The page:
The aftertaste is very dry with bitterness but by no means one-dimensional. An exhale stirs up pleasant thoughts of freshly baked rolls. A peppery heat can most likely be attributed to the rye malt and the alcohol. Spicy hop bitterness only further asserts the notion.
It’s quite clear that this brew was formulated deliberately to excite the spiciest amongst us. If I were in the business of pairing beer with food I would never miss an opportunity to place this beside a warm plate of spicy something-or-other with peppercorns. Sorry, I’m no chef.
I think Frank Herbert would be proud of what Alan has created with Blue Dot. In his utterly epic sci-fi series Dune, lives, cultures, planets…everything revolves (figuratively) around “the spice”. The Spice Melange. It’s oddly ironic that this beer is named after the planet Earth when such a comparison about a fictional work steeped in interstellar politics can be made. Perhaps this would be the defining beverage of choice on the desert planet Arrakis, of course, where it not so (seemingly…?) bereft of water.
As you see, my nerdiness is vast and covers many more planes than just craft beer. I’ll attempt to stick with just the one in this particular forum. The point to it all is that this beer is spicy as shit. The malts and hops coincide to form a perfect storm and it all whips around so fast that it’s nearly impossible to distinguish the origins on what the tongue perceives. It’s sci-fi beer and it’s delicious.
Color/Head/Retention [maximum of 1.00 point possible]: 0.85
Odor [maximum of 2.00 points possible]: 1.90
Carbonation/Mouthfeel [maximum of 1.00 point possible]: 0.92
Hop Flavor [maximum of 3.00 points possible]: 2.46
Malt Flavor/Balance [maximum of 2.00 points possible]: 1.98
Finish/Aftertaste [maximum of 1.00 point possible]: 0.90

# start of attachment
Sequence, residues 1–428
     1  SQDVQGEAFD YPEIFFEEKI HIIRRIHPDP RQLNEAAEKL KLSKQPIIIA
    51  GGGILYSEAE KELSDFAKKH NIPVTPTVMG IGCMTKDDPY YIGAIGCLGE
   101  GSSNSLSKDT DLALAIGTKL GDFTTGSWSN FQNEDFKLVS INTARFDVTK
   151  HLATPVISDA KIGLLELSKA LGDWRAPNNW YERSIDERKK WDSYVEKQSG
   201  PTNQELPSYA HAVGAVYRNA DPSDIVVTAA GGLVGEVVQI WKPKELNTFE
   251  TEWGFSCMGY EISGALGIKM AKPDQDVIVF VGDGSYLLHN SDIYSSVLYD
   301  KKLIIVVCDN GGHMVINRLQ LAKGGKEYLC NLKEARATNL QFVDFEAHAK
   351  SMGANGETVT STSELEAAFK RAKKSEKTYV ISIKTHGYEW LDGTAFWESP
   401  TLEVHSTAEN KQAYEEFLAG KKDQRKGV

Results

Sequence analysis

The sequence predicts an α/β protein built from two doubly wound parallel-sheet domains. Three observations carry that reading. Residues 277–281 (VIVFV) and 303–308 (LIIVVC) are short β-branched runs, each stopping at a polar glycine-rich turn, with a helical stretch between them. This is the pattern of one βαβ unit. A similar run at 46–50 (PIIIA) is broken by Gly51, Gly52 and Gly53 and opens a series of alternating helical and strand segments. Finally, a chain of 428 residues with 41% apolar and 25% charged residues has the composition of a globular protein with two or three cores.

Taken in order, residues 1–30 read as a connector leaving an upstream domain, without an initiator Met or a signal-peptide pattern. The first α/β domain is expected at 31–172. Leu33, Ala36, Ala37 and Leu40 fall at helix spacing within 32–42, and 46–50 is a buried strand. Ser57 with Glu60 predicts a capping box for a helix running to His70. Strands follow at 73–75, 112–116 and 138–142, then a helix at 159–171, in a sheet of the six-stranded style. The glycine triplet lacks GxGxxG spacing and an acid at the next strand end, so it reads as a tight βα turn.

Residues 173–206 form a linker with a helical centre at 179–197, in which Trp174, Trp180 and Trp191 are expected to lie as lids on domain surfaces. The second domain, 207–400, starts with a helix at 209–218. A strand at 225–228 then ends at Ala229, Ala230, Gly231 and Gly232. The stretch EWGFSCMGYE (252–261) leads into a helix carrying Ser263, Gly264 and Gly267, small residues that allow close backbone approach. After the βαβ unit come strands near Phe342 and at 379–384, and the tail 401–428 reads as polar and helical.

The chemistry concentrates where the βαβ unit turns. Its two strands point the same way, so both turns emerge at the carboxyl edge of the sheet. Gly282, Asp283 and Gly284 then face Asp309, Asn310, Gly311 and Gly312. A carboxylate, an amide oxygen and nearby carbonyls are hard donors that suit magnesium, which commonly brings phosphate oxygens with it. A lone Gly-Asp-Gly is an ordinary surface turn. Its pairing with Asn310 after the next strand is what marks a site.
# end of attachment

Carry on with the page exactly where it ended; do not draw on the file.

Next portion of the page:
Total [maximum of 10.00 points possible]: 9.01
Week 47 of 52 (Only 5 to go!)
Three Creeks Brewing Co.
721 Desperado Court
Sisters, OR 97759
11:30am – 9pm Sunday-Thursday
11:30am – 10pm Friday-Saturday
Type of Establishment: 10 bbl brewery and brew pub, gorgeous cabin at the foot of the Cascade Mountains.
Visit: After spending Christmas with my mother in Bend, OR I chose to head home via Rt. 20 to I-5 in order to bypass some, potentially, more hazardous mountain pass conditions. This route took me through the small tourist town of Sisters, OR. Sisters is home to one of Oregon’s newest and brightest production breweries. They also happen to have a killer pub. I had to stop to fuel up (in more ways than one) before my intrepid trek across the Santiam Pass.
Beers on Tap (at time of visit):
Old Prospector Pale Ale
Hoodoo Voodoo IPA
Five Pine Chocolate Porter
Cripple Creek Cream Ale
Rudolph’s Imperial Red
Left Behind Barley Wine
Bottle List (all 22oz):
Hoodoo Voodoo IPA
Five Pine Chocolate Porter
Rudolph’s Imperial Red
I didn’t eat here, but after glancing at the menu I immediately wished that I had a much smaller breakfast. The menu was, for the most part, as far as content goes, pretty typical for a up-scale brewpub… apps, soups, salads, burgers, sandwiches, etc, but everything seemed to have a little extra panache. The most notable item that I saw was found on the specials menu – a reuben pizza. I actually had to ask the bartender if it was really a reuben pizza or two separate items. Holy shit! Pastrami and kraut and thousand island on a pizza. How on Earth did I not order it?!